17 Sep A Friend in the Storm: Boy With Autism Connects with Goodwill Cashier
It was a Friday, and for 13-year-old Joshua West, that meant shopping with his dad at the Shelbyville Goodwill and talking with Ms. Vivian.
But on this particular Friday — Aug. 28, 2020 — the remnants of Hurricane Laura were sweeping through Middle Tennessee. With the safety of their four children to consider, Joshua’s parents, Jimmy and Amanda West, reluctantly told him he would have to wait until the next day to visit Goodwill and to see his favorite Goodwill employee.
Joshua, who has autism, did not take the news well.
“He was like, ‘It’s Friday. I have to go see Ms. Vivian!’” Amanda recalls. “He kept repeating it, and I was worried he was going to have a meltdown.”
Like many other people with autism, Joshua struggles with social interaction and is comforted by repetition and routine. Goodwill has always been a part of the West family’s routine.
“Having four children, we are always trying to buy clothes ahead and stay on budget,” Amanda says. “Wherever we have lived, we have shopped at Goodwill. And we love that Goodwill supports people with special needs.”
Like clockwork, every Friday after Josh’s occupational therapy session, his dad takes him to Goodwill and then for pizza. Joshua, who is a prolific collector of movies and movie trivia, likes Goodwill because of its DVD selection and its cashier, Ms. Vivian.
Vivian Haggard, a native of the Philippines, has been employed with Goodwill since 2011. In 2008, at age 43, she immigrated to the U.S. after meeting her future husband — a Shelbyville resident.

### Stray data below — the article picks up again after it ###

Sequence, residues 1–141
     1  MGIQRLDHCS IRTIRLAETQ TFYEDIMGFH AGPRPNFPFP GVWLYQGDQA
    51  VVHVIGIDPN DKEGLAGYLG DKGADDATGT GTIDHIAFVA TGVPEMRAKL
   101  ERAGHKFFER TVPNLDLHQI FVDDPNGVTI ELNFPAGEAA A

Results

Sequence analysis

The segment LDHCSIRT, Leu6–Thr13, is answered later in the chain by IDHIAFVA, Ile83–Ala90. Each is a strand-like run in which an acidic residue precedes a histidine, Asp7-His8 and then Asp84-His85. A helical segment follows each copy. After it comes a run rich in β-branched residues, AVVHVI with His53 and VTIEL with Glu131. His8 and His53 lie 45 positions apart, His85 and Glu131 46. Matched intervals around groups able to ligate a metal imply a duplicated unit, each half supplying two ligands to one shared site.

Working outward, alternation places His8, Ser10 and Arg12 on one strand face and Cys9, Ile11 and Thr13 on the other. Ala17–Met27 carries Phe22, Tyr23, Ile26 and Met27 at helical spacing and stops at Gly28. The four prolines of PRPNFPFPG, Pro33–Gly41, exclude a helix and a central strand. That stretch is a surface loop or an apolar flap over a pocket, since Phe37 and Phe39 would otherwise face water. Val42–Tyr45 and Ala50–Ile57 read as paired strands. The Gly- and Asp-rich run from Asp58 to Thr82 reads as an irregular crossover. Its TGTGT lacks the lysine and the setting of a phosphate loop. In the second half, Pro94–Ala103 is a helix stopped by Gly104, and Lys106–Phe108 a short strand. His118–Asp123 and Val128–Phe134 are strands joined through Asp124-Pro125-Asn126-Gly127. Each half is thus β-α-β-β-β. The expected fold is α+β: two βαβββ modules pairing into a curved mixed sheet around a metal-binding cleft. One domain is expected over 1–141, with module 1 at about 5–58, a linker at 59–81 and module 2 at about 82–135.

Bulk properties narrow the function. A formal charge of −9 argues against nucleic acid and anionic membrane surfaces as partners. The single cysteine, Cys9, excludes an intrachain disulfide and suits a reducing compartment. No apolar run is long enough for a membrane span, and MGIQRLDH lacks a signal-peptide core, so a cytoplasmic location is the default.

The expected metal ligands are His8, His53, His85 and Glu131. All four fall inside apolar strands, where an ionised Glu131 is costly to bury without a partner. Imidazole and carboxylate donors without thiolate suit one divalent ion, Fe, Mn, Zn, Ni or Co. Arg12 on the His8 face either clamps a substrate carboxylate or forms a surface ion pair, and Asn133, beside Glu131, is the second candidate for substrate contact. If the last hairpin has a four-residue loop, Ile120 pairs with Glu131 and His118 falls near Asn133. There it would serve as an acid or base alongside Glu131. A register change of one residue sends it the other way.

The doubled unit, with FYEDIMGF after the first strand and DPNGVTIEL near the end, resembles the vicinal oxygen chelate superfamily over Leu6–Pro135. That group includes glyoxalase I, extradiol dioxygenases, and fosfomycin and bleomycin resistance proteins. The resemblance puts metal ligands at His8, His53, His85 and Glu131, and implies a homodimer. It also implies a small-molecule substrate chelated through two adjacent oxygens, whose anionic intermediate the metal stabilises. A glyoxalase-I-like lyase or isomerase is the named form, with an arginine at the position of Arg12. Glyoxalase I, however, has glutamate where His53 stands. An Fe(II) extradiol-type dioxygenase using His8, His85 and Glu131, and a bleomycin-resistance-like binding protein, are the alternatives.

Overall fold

She initially worked in a factory, but seasonal layoffs forced her to seek more stable employment. Vivian applied at Goodwill and was hired to work at the Shelbyville store. In 2013, Vivian became a U.S. citizen. She is now a shift leader at her store.
About a year ago, Vivian began to notice a shy young man with brown hair who would come through her line with his father every Friday. It was Joshua.
Vivian treated Joshua and his father the way she treats all customers — with pleasant conversation, a listening ear and an easy laugh that carries through the store.
“At Goodwill, our goal is changing lives,” Vivian says. “So, to make a difference in someone’s life, I always try to give my 110% best with customer care and customer service. I’m not perfect, but I always try.”
Her efforts were not lost on Joshua, who normally struggles with conversation and making friends. Something about the diminutive cashier with the broad grin put him at ease.
Over time, Joshua became increasingly comfortable chatting with Vivian. He even started doing a little dance each time he would reach the front of her line — changing up his moves to make Vivian laugh.
Then came the Friday of the storm. With Joshua on the verge of tears about missing his trip to see Ms. Vivian, Amanda did the only thing she could think to do: She called Goodwill.
Vivian answered. Amanda told her what was happening and asked if Vivian would speak to Joshua. Vivian said yes. Joshua was jumping up and down with excitement.
“She said, ‘Hi, Joshua. I was just sitting here wondering where you were and missing you,’” Amanda recalls. “And then he said, ‘I miss you, Ms. Vivian.’ And then she said, ‘I love you,’ and he said, ‘I love you, too, Ms. Vivian.’”
It was the first time Amanda had ever heard Joshua say that to anyone outside of his immediate family.
“Joshua sometimes has been places where people have not shown him kindness, because he’s quirky and he’s different. None of that matters with Ms. Vivian.” Amanda explains. “When you have a hard time with social interaction and you find somebody that connects with you, it makes your whole world feel more special. That’s what she has done for him.”
Vivian says until she talked to Joshua the day of the storm, she had no idea he had autism or that she was important to him.
“We had a special bond, and I didn’t even know,” she says. “I just praise the Lord for that. I’m making a difference in someone’s life, and I count it as a blessing. It encourages me to do more for Goodwill.”